Speaking of insulation, staying warm means keeping the heat inside your home. For a minimal cost, you can upgrade the insulation in your exterior walls, crawlspaces, basements and attics. If you do not have the latest energy efficient windows (which can cut heat loss 50%), an extremely easy idea is to apply foam weather stripping for your doors and windows. It may not look as pretty, but it gets the job done. Taping clear plastic film to the inside of your window frames can also do the trick.
9. Take care of air leaks
Heat from your home can escape out of the weirdest places. By sealing air leaks, you can save up to 20% on your heating bill, and the cost of materials is typically under $20. Seal the air leaks around utility plumbing penetrations (aka, the pipe ‘cut-throughs’), gaps around the recessed lights in insulated ceilings, electrical outlets, chimneys, as well as unfinished spaces behind closets and cupboards.
10. Drain your Solar Pool Heating system
If you like taking a dip in your pool and/or spa during the cold months, you need to be sure your Solar Pool Heating system is in working order and highly efficient. This is another specialized maintenance check your Solar Thermal contractor must complete. The contractor’s maintenance checks will include tasks such as draining the system if it doesn’t automatically drain, checking the pumps, filters, and more.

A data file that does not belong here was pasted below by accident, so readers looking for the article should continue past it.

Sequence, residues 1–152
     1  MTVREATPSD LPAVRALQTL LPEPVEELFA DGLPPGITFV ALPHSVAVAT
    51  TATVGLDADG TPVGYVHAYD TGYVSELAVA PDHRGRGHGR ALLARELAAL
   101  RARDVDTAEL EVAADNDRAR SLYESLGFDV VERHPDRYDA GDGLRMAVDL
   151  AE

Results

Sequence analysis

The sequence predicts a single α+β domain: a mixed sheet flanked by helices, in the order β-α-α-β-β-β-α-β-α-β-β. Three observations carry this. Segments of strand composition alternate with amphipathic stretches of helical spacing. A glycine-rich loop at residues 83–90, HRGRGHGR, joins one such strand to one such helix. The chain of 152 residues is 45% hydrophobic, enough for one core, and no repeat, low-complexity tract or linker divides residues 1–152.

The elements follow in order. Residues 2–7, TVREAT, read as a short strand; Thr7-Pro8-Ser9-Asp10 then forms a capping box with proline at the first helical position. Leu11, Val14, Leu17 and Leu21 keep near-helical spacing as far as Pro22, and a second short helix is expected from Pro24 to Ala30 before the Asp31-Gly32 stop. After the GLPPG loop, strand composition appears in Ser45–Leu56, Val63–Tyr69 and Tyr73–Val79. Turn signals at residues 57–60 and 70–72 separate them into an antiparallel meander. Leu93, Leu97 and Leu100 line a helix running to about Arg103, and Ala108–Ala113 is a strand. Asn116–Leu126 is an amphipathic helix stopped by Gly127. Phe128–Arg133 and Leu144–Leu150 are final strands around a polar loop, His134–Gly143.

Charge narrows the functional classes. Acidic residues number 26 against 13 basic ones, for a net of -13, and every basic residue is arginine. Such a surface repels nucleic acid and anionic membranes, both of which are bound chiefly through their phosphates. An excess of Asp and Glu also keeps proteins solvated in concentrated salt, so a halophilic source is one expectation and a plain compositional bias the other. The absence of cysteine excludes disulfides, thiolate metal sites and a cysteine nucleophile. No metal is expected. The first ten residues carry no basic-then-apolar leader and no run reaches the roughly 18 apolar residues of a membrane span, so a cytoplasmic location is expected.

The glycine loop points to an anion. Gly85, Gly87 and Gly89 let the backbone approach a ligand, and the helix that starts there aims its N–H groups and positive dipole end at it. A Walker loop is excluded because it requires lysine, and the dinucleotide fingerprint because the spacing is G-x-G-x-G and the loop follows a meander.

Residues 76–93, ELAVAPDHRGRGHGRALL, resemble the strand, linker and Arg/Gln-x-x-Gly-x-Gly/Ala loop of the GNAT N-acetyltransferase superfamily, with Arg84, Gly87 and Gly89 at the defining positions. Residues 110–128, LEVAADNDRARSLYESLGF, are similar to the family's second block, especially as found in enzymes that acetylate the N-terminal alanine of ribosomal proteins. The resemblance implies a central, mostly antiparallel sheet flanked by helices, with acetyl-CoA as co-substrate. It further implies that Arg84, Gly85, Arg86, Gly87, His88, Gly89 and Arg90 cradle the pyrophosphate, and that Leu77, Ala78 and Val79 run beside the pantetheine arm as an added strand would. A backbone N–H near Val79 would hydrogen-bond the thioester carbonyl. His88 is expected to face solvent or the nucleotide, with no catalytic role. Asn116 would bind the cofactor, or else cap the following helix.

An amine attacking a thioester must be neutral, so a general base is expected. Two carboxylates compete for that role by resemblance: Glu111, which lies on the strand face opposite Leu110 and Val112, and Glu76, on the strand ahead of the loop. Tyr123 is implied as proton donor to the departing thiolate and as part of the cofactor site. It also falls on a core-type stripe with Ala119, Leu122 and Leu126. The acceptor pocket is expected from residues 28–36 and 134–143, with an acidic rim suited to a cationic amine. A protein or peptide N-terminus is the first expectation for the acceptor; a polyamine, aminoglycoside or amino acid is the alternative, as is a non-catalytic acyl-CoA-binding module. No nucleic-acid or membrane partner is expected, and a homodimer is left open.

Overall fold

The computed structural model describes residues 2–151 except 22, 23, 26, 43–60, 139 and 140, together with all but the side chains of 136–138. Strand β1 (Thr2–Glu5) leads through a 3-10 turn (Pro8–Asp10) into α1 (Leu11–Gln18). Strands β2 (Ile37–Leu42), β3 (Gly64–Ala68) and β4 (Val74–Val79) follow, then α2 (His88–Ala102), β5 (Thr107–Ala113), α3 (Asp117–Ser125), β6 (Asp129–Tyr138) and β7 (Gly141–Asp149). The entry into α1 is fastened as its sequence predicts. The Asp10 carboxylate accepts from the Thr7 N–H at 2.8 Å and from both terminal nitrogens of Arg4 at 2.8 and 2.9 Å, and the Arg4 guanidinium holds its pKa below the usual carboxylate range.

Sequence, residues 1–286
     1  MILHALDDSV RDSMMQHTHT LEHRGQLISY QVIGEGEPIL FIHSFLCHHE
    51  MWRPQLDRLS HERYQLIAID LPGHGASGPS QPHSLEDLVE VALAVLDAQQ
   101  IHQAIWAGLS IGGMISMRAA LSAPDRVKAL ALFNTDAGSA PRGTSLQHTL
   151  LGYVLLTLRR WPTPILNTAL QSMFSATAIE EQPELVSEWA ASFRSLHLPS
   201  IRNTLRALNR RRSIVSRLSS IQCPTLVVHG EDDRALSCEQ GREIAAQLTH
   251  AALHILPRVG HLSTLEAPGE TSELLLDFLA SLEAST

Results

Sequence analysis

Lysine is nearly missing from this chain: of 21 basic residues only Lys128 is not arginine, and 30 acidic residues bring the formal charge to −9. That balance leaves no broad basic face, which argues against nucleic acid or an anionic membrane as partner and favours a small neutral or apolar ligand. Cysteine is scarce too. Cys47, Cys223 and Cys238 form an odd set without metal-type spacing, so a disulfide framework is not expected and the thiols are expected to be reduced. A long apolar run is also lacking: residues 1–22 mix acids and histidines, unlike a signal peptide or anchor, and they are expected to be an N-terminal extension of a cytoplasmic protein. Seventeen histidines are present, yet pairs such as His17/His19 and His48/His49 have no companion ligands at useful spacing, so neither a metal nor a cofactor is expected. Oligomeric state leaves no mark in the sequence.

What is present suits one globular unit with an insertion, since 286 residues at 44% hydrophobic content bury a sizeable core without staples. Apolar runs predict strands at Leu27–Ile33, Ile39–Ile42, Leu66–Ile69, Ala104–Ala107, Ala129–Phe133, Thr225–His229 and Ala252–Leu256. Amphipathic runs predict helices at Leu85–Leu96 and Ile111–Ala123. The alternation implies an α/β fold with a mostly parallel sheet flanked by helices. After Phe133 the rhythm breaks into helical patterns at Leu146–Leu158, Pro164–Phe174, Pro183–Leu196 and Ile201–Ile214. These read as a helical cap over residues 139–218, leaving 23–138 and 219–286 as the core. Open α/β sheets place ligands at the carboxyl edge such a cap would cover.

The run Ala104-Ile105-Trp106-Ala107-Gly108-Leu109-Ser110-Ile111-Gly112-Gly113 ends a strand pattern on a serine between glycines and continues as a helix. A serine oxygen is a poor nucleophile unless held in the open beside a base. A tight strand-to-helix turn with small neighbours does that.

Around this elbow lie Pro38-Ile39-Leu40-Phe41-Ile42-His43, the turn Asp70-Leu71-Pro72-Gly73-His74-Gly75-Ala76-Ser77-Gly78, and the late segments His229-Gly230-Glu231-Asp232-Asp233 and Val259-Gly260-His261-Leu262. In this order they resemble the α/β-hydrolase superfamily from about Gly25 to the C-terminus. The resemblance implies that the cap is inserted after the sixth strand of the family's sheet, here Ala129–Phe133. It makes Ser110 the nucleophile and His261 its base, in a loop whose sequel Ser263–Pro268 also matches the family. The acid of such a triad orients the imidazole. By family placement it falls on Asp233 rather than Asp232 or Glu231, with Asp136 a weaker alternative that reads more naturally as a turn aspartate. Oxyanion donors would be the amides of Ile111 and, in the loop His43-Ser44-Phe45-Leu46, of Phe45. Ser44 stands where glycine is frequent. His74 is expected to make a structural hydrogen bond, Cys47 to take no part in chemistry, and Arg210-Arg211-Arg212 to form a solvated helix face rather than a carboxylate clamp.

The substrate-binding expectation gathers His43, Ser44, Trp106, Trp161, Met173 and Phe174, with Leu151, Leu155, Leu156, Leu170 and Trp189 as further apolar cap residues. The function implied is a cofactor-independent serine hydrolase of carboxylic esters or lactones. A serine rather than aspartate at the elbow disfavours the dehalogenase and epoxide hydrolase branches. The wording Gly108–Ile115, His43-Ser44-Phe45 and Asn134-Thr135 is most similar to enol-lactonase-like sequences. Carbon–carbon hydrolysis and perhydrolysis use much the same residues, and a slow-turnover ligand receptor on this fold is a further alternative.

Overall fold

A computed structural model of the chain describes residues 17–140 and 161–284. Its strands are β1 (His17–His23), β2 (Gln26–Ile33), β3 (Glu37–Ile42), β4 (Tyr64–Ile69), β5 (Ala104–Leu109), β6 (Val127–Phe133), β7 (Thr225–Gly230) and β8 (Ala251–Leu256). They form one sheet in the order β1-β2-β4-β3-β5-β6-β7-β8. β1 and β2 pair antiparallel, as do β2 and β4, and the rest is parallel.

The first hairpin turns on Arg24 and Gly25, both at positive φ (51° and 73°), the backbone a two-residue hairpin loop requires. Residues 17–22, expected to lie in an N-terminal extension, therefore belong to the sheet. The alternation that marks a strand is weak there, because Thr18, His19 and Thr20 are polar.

11. Adjust your thermostat
You can save about 5% on your heating costs for every degree below the 60-70 degree range, according to the California Energy Commission. By turning your thermostat down to 55 degrees at night, you could save 5-20% of your heating costs. Set your thermostat to 68 degrees or lower during the day and evening. Plus, everyone wants an excuse to snuggle under a warm blanket.
12. Only Heat the rooms you use
Close and seal vents in your guest rooms, storage areas, and other rooms you rarely use. Direct the airflow to the rooms you use often in order to save energy. According to a U.S. News report, the average bill in the U.S. drops $200 if you heat rooms you use in addition to lowering your thermostat to 62 degrees.
13. Don’t block out your heat
Furniture, drapes, and dampers in front of your heating vents are a big no-no. It’s not only an incredible fire hazard, but these objects will also keep the warm air from entering the room.
14. Humidify your room
In the summer, you de-humidify. In the fall, you want to humidify. Moist air holds heat and feels warmer (think, Alabama in the summer). You will now feel way more comfortable when lowering your thermostat temperature. You can also increase the humidity in your apartment with a collection of house plants.
15. Don’t exhaust your exhaust fan
Exhaust fans suck up the hot and humid air in your kitchen and bathroom. Only use them when necessary. Remember, humidity is an energy saver in the winter.
16. Don’t let your fireplace cool you down
A fireplace damper works like a window. If the damper is open when the fireplace it off, it will suck all the warm air out of the house, and up through the chimney. Of course, when the fireplace is on, open the dampers. If you do not have dampers, close the doors leading to the room and open the nearest window about an inch.
17. A sweater inside ain’t so bad
With the money you’ll save on your heating bill, you will most likely be able to buy more sweaters. Your choice.